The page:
Author + information
- Received March 7, 1994
- Revision received August 2, 1994
- Accepted August 5, 1994
- Published online January 1, 1995.
- Thomas von Arnim, MD∗,
- TIBBS Investigators
- ↵∗Address for correspondence: Dr. Thomas von Arnim, Ludwig-Maximilians University Munich, Red Cross Hospital, Nymphenburger Strasse 163, D-80634 Munich, Germany.
Objectives. We compared the effects of bisoprolol on transient myocardial ischemia with those of nifedipine in patients with chronic stable angina.
Background. Both beta-adrenergic blocking agents and calcium antagonists reduce transient ischemic episodes, but comparisons of these agents have been made in only a few larger studies.
Methods. The Total Ischemic Burden Bisoprolol Study (TIBBS) was a randomized double-blind controlled study with two parallel groups; 330 patients from 30 centers in seven European countries with stable angina pectoris, a positive exercise test and more than two transient ischemic episodes during 48 h of Holter monitoring (central evaluation) were included. Of these patients 161 were randomized to receive bisoprolol and 169 to receive nifedipine slow release. There were two treatment phases of 4 weeks each, with 48-h Holter monitoring after each phase. During phase 1, patients received either 10 mg of bisoprolol daily or 2 × 20 mg of nifedipine slow release. During phase 2, they received either 20 mg of bisoprolol daily or 2 × 40 mg of nifedipine slow release.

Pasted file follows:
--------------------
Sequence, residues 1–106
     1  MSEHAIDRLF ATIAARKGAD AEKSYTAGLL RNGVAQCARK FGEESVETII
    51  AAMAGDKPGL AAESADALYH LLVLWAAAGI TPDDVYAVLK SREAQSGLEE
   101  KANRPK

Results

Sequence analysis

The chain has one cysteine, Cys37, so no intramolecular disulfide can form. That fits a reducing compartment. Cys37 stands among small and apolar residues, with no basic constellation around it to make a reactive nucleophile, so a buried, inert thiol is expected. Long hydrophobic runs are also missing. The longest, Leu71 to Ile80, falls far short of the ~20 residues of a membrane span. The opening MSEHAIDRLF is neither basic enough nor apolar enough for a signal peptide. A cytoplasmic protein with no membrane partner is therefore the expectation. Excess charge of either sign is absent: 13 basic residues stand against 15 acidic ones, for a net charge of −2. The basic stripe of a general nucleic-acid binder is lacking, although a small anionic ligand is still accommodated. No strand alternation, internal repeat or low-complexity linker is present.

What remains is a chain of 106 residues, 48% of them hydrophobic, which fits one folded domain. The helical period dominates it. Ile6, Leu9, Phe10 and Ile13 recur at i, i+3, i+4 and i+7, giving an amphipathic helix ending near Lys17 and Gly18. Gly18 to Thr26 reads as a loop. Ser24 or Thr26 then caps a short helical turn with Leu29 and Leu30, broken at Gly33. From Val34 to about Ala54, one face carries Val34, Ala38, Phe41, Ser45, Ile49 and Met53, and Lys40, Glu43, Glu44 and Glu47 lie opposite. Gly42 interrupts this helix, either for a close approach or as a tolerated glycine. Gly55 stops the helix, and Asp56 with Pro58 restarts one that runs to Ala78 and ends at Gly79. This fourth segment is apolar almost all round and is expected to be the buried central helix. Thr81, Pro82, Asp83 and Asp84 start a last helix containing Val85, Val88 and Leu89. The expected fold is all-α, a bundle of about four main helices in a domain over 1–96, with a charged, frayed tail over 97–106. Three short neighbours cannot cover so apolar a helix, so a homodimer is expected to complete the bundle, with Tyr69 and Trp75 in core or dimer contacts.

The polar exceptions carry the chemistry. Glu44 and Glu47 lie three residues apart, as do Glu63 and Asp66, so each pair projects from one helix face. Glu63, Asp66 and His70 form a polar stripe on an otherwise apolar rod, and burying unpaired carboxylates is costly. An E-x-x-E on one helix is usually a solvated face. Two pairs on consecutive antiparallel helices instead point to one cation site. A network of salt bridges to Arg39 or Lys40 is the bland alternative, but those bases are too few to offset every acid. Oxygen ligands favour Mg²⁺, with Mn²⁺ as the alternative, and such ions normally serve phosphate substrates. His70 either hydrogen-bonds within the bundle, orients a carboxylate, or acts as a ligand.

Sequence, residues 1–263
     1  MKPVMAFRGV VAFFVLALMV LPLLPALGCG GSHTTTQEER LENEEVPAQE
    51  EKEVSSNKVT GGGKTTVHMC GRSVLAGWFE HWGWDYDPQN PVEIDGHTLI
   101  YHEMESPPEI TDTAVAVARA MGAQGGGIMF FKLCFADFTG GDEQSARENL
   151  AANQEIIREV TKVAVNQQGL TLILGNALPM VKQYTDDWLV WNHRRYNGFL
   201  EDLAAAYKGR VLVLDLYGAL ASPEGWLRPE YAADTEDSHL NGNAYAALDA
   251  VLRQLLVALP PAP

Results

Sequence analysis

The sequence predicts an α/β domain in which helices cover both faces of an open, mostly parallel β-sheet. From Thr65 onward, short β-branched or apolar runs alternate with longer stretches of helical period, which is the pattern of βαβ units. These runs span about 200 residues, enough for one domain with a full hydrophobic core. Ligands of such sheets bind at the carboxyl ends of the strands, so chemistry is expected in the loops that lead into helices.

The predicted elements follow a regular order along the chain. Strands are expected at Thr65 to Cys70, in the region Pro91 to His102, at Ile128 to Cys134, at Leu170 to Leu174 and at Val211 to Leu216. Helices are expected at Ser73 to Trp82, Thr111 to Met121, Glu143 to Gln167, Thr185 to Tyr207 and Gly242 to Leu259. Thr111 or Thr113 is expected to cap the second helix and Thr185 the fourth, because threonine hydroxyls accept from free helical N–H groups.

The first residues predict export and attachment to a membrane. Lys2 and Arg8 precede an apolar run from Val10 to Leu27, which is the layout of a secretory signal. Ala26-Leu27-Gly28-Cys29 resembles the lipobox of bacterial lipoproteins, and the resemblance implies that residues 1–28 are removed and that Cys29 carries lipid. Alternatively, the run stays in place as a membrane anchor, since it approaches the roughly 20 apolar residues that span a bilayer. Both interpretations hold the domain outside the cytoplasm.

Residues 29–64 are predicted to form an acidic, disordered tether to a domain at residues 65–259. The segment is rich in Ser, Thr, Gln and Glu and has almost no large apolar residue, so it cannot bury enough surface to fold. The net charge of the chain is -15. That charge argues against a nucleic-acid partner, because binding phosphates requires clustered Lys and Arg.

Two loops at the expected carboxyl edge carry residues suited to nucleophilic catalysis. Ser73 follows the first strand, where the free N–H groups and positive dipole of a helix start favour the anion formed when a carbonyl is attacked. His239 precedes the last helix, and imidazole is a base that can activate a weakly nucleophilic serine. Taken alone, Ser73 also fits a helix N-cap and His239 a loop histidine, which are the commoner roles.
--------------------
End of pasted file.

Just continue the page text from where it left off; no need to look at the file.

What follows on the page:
Results. In phase 1 of the trial, 4 weeks of bisoprolol therapy (10 mg daily) reduced the mean [±SD] number of transient ischemic episodes from 8.1 ± 0.6 to 3.2 ± 0.4/48 h. Nifedipine (2 × 20 mg) reduced transient ischemic episodes from 8.3 ± 0.5 to 5.9 ± 0.4/48 h. Total duration of ischemia was reduced from 99.3 ± 10.1 to 31.9 ± 5.5 min/48 h with bisoprolol and from 101 ± 9.1 to 72.6 ± 8.1 min/48 h with nifedipine. Reductions were statistically significant for both drugs; the difference between bisoprolol and nifedipine was also significant (p < 0.0001). Bisoprolol reduced the heart rate at onset of episodes by 13.7 ± 1.4 beats/min from a baseline value of 99.5 ± 1.2 beats/min (p < 0.001). Heart rate was unchanged with nifedipine. Bisoprolol had significantly higher responder rates than nifedipine. Doubling of the dose in phase 2 of the trial had small additive effects. Only bisoprolol showed a marked circadian effect by reducing the morning peak of transient ischemic episodes (by 68% at peak time, 8:00 to 8:59 am).
Conclusions. Both bisoprolol and nifedipine reduced the number and duration of transient ischemic episodes in patients with chronic stable angina. Bisoprolol was significantly more effective than nifedipine in both doses tested and reduced the morning peak of ischemic activity.
☆ The study was supported by E. Merck, Darmstadt, Germany. A complete list of the TIBBS investigators appears in the Appendix.
- Received March 7, 1994.
- Revision received August 2, 1994.
- Accepted August 5, 1994.